In particular embodiments, processor 902 includes hardware for executing instructions, such as those making up a computer program. As an example and not by way of limitation, to execute instructions, processor 902 may retrieve (or fetch) the instructions from an internal register, an internal cache, memory 904, or storage 906; decode and execute them; and then write one or more results to an internal register, an internal cache, memory 904, or storage 906. In particular embodiments, processor 902 may include one or more internal caches for data, instructions, or addresses. This disclosure contemplates processor 902 including any suitable number of any suitable internal caches, where appropriate. As an example and not by way of limitation, processor 902 may include one or more instruction caches, one or more data caches, and one or more translation lookaside buffers (TLBs). Instructions in the instruction caches may be copies of instructions in memory 904 or storage 906, and the instruction caches may speed up retrieval of those instructions by processor 902. Data in the data caches may be copies of data in memory 904 or storage 906 for instructions executing at processor 902 to operate on; the results of previous instructions executed at processor 902 for access by subsequent instructions executing at processor 902 or for writing to memory 904 or storage 906; or other suitable data. The data caches may speed up read or write operations by processor 902. The TLBs may speed up virtual-address translation for processor 902. In particular embodiments, processor 902 may include one or more internal registers for data, instructions, or addresses. This disclosure contemplates processor 902 including any suitable number of any suitable internal registers, where appropriate. Where appropriate, processor 902 may include one or more arithmetic logic units (ALUs); be a multi-core processor; or include one or more processors 902. Although this disclosure describes and illustrates a particular processor, this disclosure contemplates any suitable processor.

In particular embodiments, memory 904 includes main memory for storing instructions for processor 902 to execute or data for processor 902 to operate on. As an example and not by way of limitation, computer system 900 may load instructions from storage 906 or another source (such as, for example, another computer system 900) to memory 904. Processor 902 may then load the instructions from memory 904 to an internal register or internal cache. To execute the instructions, processor 902 may retrieve the instructions from the internal register or internal cache and decode them. During or after execution of the instructions, processor 902 may write one or more results (which may be intermediate or final results) to the internal register or internal cache. Processor 902 may then write one or more of those results to memory 904. In particular embodiments, processor 902 executes only instructions in one or more internal registers or internal caches or in memory 904 (as opposed to storage 906 or elsewhere) and operates only on data in one or more internal registers or internal caches or in memory 904 (as opposed to storage 906 or elsewhere). One or more memory buses (which may each include an address bus and a data bus) may couple processor 902 to memory 904. Bus 912 may include one or more memory buses, as described below. In particular embodiments, one or more memory management units (MMUs) reside between processor 902 and memory 904 and facilitate accesses to memory 904 requested by processor 902. In particular embodiments, memory 904 includes random access memory (RAM). This RAM may be volatile memory, where appropriate. Where appropriate, this RAM may be dynamic RAM (DRAM) or static RAM (SRAM). Moreover, where appropriate, this RAM may be single-ported or multi-ported RAM. This disclosure contemplates any suitable RAM. Memory 904 may include one or more memories 904, where appropriate. Although this disclosure describes and illustrates particular memory, this disclosure contemplates any suitable memory.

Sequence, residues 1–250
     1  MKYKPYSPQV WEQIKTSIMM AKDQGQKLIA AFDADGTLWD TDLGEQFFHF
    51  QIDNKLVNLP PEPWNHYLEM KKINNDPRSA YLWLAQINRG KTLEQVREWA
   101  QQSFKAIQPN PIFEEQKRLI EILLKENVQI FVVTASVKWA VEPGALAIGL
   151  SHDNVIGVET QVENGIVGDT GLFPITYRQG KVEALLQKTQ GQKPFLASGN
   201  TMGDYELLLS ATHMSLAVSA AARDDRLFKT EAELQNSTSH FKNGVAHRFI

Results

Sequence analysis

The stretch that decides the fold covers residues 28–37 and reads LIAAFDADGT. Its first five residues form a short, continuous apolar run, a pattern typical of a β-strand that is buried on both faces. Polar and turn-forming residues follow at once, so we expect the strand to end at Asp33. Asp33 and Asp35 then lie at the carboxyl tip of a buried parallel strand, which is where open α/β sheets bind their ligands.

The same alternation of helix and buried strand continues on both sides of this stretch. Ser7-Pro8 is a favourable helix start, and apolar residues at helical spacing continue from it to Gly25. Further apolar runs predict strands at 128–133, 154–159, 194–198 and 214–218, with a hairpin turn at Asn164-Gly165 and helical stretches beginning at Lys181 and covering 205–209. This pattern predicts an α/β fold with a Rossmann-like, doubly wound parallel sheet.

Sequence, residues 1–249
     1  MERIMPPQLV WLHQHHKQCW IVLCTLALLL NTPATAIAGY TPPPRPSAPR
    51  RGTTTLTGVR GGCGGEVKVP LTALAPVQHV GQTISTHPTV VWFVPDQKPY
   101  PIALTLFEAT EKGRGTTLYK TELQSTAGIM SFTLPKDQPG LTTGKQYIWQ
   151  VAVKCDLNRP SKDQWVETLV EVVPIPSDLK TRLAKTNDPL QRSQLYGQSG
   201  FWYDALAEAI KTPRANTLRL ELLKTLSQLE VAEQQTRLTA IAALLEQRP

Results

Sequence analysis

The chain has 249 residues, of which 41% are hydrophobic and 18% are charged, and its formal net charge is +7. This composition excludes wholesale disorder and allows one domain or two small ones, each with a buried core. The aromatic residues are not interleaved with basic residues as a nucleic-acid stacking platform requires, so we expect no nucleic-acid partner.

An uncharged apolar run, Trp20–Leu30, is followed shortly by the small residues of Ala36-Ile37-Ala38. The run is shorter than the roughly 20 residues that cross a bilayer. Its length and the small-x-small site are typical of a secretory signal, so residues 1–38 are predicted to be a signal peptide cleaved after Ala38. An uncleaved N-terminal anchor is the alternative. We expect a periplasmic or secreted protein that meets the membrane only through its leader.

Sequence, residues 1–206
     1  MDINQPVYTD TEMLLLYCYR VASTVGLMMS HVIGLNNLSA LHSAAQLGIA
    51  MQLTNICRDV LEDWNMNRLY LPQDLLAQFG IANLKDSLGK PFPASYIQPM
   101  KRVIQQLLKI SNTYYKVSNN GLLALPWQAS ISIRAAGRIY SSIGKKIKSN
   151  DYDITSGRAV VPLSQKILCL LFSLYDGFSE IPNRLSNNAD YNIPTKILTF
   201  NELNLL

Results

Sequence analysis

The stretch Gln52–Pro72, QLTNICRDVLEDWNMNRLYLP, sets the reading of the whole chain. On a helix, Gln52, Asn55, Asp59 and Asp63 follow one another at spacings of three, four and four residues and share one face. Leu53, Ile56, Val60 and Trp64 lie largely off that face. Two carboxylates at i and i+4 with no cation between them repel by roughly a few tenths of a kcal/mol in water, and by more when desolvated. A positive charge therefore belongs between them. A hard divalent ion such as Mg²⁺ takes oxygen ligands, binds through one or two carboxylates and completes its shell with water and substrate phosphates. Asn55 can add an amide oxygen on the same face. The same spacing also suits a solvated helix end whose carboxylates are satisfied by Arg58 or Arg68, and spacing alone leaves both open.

In particular embodiments, storage 906 includes mass storage for data or instructions. As an example and not by way of limitation, storage 906 may include a hard disk drive (HDD), a floppy disk drive, flash memory, an optical disc, a magneto-optical disc, magnetic tape, or a Universal Serial Bus (USB) drive or a combination of two or more of these. Storage 906 may include removable or non-removable (or fixed) media, where appropriate. Storage 906 may be internal or external to computer system 900, where appropriate. In particular embodiments, storage 906 is non-volatile, solid-state memory. In particular embodiments, storage 906 includes read-only memory (ROM). Where appropriate, this ROM may be mask-programmed ROM, programmable ROM (PROM), erasable PROM (EPROM), electrically erasable PROM (EEPROM), electrically alterable ROM (EAROM), or flash memory or a combination of two or more of these. This disclosure contemplates mass storage 906 taking any suitable physical form. Storage 906 may include one or more storage control units facilitating communication between processor 902 and storage 906, where appropriate. Where appropriate, storage 906 may include one or more storages 906. Although this disclosure describes and illustrates particular storage, this disclosure contemplates any suitable storage.